This same approach has been proposed by others in the Reformed community, such as Calvin Seerveld.  Seerveld (incidentally, a former organist here at West Sayville) has long been an influential figure in Christian Reformed circles, and has authored many contemporary adaptations of psalm texts for the 1987 CRC Psalter Hymnal.  I’m not convinced that all of his psalm adaptations are Scripturally accurate, but this argument (as quoted in a Calvin Institute of Christian Worship article) is a significant one:

[Seerveld] believes that bringing the psalms back into public life would remedy the current “weakness of biblical consciousness.  There is so little, if any, common song (much less Psalms!) among followers of Christ.  ‘Amazing Grace,’ the doxology, and ‘Silent Night’ are probably about the most Christians could muster to sing impromptu without printed notes (not counting the Bible choruses).

“We need to start way back and have leaders fall in love with the psalms, get current language, recite certain psalms, exercise certain tunes, and then-after a generation?—they may begin to live in our voices,” Seerveld says.

He hopes that the Voicing God’s Psalms book and CD will inspire ordinary and younger believers to start reading the psalms for devotions, using them in Bible studies and outreach programs, and sharing the CD at hospitals, nursing homes, and on military bases.

“If believers ask their pastors to give attention to the psalms, and then if pastors and music leaders show they do take God’s psalms to heart, not just as token items in a Sunday liturgy, then maybe the CD and careful translations will endear the psalms to God’s people and the curious disbelievers,” Seerveld says.

Again, as URC members holding to a more traditional Reformed perspective, we may be inclined to shy away from the modern sound and idiomatic language of the settings of Eelco Vos and Cal Seerveld.  I’m not making an argument for bringing this style of song into congregational worship.  But could it be that this perspective—the mission of applying the psalms to every area of life—is one we should seriously consider?  How might the psalms have a greater impact on us and our unbelieving neighbors if we don’t limit them to Sunday services, but instead bring them anywhere God leads us?  And in this way can we make a permanent place for God’s Word in our hearts?  It’s not an easy question, but it may be worth some careful thought.

To God be the glory!



  • For more information about The Psalm Project, visit their website.  On the home page, excerpts from several of their arrangements are available for listening.
  • The Calvin Seerveld article I referenced, entitled “Voicing God’s Psalms,” is available from the Calvin Institute for Christian Worship here.  As it relates to our current discussion in the “Meet the Psalm-Hymn” series, I especially recommend reading the sidebar on “Translation, Paraphrase, Versification: What’s the difference?” near the bottom of the article.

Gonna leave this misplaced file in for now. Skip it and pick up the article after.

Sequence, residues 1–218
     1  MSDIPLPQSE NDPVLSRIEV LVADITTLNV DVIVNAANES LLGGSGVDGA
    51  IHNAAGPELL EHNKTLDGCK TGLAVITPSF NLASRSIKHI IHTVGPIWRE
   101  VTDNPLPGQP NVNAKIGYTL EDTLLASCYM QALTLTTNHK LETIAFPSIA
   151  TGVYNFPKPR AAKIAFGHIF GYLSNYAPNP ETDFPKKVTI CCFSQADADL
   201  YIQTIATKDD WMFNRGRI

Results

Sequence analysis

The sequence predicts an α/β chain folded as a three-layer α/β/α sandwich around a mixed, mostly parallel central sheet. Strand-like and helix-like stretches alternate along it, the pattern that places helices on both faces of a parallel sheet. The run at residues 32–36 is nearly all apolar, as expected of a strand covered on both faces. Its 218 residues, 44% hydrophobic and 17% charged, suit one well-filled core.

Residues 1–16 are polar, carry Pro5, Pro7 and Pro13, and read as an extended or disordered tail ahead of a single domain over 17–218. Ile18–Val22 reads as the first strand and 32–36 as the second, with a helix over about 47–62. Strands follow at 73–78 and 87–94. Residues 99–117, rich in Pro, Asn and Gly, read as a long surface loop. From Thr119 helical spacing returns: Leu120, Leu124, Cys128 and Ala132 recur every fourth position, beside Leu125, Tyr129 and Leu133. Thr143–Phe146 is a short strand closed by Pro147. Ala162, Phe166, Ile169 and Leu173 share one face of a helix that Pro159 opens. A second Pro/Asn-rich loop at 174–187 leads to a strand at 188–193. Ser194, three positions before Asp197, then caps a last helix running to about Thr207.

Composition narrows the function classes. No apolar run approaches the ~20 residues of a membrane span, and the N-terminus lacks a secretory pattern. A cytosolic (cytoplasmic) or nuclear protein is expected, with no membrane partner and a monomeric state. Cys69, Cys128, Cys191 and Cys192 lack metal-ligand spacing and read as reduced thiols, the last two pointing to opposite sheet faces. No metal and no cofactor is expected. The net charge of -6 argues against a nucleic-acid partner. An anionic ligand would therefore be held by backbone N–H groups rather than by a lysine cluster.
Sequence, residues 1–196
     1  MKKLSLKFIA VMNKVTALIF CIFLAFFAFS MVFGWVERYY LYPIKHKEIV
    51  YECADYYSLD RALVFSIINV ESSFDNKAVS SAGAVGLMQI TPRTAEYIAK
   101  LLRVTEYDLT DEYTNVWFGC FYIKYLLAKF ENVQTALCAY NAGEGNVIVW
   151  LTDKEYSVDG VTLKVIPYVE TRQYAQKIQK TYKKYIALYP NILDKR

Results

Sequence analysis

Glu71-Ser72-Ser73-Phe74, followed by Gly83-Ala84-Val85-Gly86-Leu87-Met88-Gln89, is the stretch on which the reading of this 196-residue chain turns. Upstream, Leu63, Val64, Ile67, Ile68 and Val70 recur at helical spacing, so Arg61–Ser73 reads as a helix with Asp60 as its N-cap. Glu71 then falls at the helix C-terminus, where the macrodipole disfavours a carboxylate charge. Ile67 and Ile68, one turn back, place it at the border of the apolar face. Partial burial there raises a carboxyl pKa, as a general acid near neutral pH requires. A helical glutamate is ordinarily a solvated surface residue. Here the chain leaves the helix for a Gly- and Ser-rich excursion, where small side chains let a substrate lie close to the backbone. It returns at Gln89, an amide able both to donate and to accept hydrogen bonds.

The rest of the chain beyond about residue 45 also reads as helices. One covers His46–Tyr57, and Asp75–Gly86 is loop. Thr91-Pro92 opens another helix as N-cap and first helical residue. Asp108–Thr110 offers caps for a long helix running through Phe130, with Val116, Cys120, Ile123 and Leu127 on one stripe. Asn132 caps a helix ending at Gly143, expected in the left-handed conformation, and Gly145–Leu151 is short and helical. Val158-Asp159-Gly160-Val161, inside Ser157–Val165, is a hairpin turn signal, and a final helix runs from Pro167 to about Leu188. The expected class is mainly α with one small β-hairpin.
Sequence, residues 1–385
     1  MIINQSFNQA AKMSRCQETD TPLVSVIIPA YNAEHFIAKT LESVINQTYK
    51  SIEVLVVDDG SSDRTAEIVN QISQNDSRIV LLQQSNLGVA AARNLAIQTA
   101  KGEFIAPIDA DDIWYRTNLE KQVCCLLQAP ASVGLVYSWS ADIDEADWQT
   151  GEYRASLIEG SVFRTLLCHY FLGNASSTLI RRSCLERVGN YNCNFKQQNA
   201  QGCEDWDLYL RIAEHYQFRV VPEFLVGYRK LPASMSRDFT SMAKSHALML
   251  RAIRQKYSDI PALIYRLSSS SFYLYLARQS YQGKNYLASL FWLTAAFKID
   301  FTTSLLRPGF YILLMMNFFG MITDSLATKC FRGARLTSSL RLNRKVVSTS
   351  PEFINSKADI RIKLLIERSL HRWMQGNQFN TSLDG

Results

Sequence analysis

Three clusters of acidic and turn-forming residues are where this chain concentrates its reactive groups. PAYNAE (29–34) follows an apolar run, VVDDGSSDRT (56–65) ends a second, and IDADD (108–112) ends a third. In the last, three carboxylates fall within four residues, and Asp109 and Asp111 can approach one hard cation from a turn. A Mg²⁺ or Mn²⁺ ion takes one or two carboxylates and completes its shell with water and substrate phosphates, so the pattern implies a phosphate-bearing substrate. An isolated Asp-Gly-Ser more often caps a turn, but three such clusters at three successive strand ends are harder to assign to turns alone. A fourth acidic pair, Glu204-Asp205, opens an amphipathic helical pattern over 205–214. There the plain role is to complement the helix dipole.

• To get an idea of Calvin Seerveld’s versification style, take a look at his psalm settings in the gray 1987 CRC Psalter Hymnal, including numbers 22, 91, 105, 131, and 150, or number 22 in the URC Hymn Proposal (which the Songbook Committee has since decided to remove).

Meet the Psalm-Hymn (Part 1)

In an earlier post, I presented a question about the psalms we sing in church: Where is the dividing line between psalm settings and hymns?  Or, to put it another way, how close must the lyrics of a psalm-based song be to the original Scriptural text in order to be considered a proper psalm setting?

There’s much more to this issue than a simple set of criteria.  Because of this, I’d like to discuss the topic a little more thoroughly in a short blog series—offering my own thoughts, but also seeking comments and guidance from my readers.  The discussions in this series might seem rather painstaking, but I’m convinced that this matter is important, since it directly influences our view of the psalms we sing.  I ask you, then, to bear with me!

Two quotes from the URC Psalter Hymnal Committee help to set the issue of psalm paraphrasing in context.  In a recent article in The Outlook, Mrs. Denise Marcusse explains, “There are a lot of questions swirling around URC circles about the new songbook and the committee’s work on the hymnal.  The proposed new hymnal is intended to be just that: a new hymnal!  We understand that some might wish this to be a replicated blue Psalter Hymnal.  The committee, however, is working from the understanding that this songbook will span more generations by adding some newer songs along with some of the older and well-loved songs.  Mainly we are striving to have it be a hymnal that more closely reflects our Reformed creeds and confessions.  It will be a songbook in which the psalm songs more closely reflect the Scripture texts and do not just loosely paraphrase God’s Word” (emphasis added).

Looking back at the Songbook Committee’s original criteria for selecting church music, we read in guideline 4 that “when psalms or other portions of Scripture are set to music, the words must be faithful to the content and form of the inspired text (II Tim. 3:16)” (again, emphasis added).

I’m sure we would all agree that these are commendable standards for psalm settings.  Yet at the same time, one might ask, where is the dividing line?  How close to Scripture is close enough?  What exactly is the “form of the inspired text” and how should it be followed?  While we can’t really answer these questions directly, I’d like to at least try to sketch a few tentative guidelines as we enter this discussion.  Let’s start with a simple example.